What your data tells advertisers about your gender… and why it matters.
Facebook is more than a pastime for idle thumbs; it’s a multi-billion pound selling platform for brands of all sizes. Facebook gathers all the information you leave behind when you use the site and builds a profile of you, the real human being. Advertisers choose the ideal audience for their ads, if you match the profile, Facebook shows you the ones they think will appeal to you. And one of the basic markers defining which ads you’ll see? Your gender.
Your gender is more than the box you tick
Facebook has allowed us to customise our gender since 2015, but while it’s a helpful tool for self-expression, it isn’t just the identity we give ourselves that counts. Our behaviour online, language and even our likes say something about who we are, and who is likely to succeed in selling us something.
A ‘man’s man’ who uses warm language and posts about his family often might have ‘female’ traits that don’t fit the 24-carat alpha male stereotype. A woman can like generally ‘male’ content and use assertive language and still be ‘all-woman’.
But advertising has traditionally been led by concrete stereotypes – the angry face of Mr. T, barking at men to ‘man up’ and ‘Get Some Nuts’ plays into the idea of what it is to be manly; strength, humour and toughness that defies emotion or fragility. It’s a lot of pressure to question a man’s masculinity in a bid to sell him a chocolate bar. But it worked.
It worked for Snickers, it worked when Mark Wahlberg grabbed his rugged, unemotional and ultra-masculine crotch for Calvin Klein in the 90’s, and again when David Beckham bulged our eyes, and his seams, for Armani’s underwear range more than a decade later.
Ads for female pants, meanwhile, conform to a different social stereotype; the archetypal woman is submissive, physically flawless, sexualised, her gaze demurely averted from the camera (a stark contrast to the lads’ respective ‘straight-down-the-pan’ stares). Even when the sexes appear in ads together, the Gender Ads Project has found that men are still too often portrayed as dominant and women decorative.
The sinister side of stereotypes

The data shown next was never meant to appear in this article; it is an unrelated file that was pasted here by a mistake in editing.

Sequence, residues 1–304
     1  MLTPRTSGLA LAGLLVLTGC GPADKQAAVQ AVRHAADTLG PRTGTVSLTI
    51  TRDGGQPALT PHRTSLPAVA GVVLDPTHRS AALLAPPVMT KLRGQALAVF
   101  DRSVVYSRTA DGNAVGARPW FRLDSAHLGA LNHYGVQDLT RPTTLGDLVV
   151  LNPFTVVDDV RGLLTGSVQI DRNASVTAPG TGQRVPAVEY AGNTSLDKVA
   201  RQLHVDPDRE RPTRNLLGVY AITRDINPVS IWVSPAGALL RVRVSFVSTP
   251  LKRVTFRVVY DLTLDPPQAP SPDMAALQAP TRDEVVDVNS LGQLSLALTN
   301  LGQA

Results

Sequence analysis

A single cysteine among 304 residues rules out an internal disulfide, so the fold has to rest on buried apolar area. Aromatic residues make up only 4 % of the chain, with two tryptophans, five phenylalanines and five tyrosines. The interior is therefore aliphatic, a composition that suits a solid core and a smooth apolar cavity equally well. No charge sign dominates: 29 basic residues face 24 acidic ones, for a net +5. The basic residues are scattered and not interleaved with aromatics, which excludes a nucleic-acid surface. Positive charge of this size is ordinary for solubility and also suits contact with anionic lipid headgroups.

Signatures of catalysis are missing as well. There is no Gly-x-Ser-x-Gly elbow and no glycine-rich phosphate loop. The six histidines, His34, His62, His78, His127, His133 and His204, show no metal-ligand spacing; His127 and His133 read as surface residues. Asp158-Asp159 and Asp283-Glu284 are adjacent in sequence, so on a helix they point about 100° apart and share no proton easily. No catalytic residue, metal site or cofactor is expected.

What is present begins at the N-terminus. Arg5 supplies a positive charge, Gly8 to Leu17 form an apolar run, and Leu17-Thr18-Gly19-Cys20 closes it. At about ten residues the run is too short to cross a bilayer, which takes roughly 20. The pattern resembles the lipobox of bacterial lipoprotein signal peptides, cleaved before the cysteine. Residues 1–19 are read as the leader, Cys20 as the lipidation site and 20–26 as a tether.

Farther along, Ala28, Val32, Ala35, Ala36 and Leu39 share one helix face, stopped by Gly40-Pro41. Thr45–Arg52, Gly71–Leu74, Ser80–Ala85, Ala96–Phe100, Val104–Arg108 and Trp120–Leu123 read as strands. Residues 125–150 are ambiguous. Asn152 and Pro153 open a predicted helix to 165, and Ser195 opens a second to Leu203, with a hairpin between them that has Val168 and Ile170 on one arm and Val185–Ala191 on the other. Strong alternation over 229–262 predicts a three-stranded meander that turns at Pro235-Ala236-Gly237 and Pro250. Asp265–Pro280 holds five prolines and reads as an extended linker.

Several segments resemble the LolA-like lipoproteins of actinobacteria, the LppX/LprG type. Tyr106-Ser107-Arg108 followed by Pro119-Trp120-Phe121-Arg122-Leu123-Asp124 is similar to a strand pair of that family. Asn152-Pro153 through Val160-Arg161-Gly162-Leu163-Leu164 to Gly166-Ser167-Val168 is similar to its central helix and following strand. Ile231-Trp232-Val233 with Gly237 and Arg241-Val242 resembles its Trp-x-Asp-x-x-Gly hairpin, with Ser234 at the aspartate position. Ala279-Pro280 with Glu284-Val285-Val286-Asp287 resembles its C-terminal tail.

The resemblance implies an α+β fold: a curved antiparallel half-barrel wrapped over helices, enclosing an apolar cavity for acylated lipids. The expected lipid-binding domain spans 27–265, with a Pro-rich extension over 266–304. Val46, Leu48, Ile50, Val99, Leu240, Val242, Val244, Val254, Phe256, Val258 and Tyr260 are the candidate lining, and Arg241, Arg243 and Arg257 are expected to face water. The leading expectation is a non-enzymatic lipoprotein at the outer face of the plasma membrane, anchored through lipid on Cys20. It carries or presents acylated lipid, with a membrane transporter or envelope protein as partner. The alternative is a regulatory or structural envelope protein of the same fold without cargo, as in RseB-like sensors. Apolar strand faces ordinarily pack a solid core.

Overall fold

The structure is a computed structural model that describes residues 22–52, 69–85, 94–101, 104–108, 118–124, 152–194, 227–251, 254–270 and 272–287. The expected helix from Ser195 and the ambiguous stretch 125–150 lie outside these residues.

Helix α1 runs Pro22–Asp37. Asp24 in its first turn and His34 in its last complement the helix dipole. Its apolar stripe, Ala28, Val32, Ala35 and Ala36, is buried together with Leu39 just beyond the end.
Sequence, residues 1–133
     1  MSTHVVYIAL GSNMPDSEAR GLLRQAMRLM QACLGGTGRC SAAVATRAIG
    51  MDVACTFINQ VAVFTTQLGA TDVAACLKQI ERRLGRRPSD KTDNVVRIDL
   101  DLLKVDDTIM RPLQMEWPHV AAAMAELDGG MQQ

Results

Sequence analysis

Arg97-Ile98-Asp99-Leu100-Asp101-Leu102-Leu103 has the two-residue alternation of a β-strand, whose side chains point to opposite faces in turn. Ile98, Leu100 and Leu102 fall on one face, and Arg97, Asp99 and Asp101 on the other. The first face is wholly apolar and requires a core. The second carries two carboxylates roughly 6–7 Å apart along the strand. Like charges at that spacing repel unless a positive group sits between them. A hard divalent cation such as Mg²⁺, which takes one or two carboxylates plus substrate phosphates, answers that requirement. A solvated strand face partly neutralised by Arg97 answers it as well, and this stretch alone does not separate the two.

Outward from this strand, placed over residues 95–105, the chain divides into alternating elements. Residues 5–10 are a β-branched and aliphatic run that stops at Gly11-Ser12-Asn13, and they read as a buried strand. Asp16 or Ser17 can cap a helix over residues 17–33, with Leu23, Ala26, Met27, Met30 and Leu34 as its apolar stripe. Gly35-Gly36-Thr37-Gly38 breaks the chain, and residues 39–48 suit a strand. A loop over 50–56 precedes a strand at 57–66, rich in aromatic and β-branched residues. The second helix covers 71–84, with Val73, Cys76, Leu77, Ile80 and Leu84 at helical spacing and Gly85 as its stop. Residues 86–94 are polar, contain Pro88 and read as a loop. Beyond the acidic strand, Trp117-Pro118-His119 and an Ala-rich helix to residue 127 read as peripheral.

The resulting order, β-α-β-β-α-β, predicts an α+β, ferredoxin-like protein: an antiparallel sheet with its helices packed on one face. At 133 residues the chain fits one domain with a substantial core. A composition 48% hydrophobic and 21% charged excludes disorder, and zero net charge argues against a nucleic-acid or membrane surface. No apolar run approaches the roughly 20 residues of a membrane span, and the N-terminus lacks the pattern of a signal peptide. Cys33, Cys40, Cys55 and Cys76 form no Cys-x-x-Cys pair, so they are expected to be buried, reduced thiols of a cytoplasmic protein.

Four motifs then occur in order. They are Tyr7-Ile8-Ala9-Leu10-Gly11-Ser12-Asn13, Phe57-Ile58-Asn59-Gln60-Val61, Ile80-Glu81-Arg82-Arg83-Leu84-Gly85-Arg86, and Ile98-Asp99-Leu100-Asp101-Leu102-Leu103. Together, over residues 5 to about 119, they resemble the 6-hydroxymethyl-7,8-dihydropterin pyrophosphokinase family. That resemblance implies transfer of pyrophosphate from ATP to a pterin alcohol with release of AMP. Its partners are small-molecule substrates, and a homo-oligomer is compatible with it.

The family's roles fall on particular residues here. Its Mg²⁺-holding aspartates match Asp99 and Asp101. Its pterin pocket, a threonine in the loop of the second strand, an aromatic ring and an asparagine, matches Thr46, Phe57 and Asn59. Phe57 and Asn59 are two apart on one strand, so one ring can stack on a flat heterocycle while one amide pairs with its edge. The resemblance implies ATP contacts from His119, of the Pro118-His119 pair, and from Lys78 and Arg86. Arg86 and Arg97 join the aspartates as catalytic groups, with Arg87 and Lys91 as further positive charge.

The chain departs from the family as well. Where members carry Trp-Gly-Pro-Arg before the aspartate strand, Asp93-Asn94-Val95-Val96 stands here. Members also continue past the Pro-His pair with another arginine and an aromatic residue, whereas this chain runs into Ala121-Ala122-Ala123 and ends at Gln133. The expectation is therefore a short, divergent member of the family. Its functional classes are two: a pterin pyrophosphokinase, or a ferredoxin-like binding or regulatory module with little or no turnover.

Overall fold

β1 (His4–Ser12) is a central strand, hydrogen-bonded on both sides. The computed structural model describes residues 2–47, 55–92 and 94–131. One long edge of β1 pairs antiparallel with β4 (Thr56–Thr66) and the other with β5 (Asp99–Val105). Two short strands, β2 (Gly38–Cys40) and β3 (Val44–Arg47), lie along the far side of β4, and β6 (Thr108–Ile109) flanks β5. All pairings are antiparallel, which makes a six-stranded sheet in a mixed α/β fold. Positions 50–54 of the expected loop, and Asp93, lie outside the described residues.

While plenty of ads have chosen to break from the norm, it’s these two gender portrayals that have driven advertising for decades. Campaigning to the ad industry and the public accountability of social media have contributed to better ads, targeted at whole human beings rather than broad-strokes, 2D gender roles – but there’s still a way to go. Last year’s nostalgic campaign from shoe brand Stuart Weitzman, featuring three supermodels wearing nothing but shoes, faced a fierce backlash from campaigners and customers alike.
The Advertising Standards Authority have tightened the belt of regulation on ads that favour stereotypes too heavily, having agreed what was long-suspected, that ‘harmful stereotypes can restrict the choices, aspirations and opportunities of children, young people and adults’.
Does this mean that the days of men being portrayed as hapless dads, clueless at parenting and crap at housework, are over? Likewise, perhaps we’ll see more tampon ads in the vein of Bodyform’s ‘Blood’ – in which the red stuff is, well, red and not a blue, untrustworthy gloop, and women expect more from their menstruation than limiting their activities to wearing white jeans.
And what about the kids? A study from California University found that gender preferences only showed up once kids actually learned what gender was, yet pink and blue birthday cards, toy aisles and clothing departments remain stalwarts of our high street.
While brands like Lego have made a concerted effort to appeal to girls by promoting STEM career goals, and Barbie has redefined the doll as a ‘boys toy too’ with their Moschino Barbie launch, UK campaign group, Let Toys be Toys still feels there’s room for improvement. After all, playtime is serious business, given that it’s essential to the development of a child’s cognitive and social progression, as well as their world-view of what it means to be a person before what it means to be male, female or anything else.
While John Lewis has made the biggest recent splash by shaking up the labelling of their kids’ range, they are in fact far from setting the gender-blending trend. Disney did it with Halloween costumes in 2015, redefining their range ‘for kids’ (though their thumbnails remain occupied by boys in hero costumes and girls in princess dresses).
Zara, Selfridges and Urban Decay all followed the androgynous suit with their Ungendered ranges last year to significant success. But only recently, a female Swedish model has received torrents of abuse online after appearing in an Adidas campaign with unshaven legs, proving that resistance to breaking away from gender stereotypes is still alive and well.
Millennials and Generation-Z are more loyal to brands they care about than any generation before them. At the same time, they’re largely shrugging off hard-and-fast definitions of gender. It’s no surprise, then that brands are turning to behavioural data to better understand their audiences, and how they can use gender to sell to them in the future.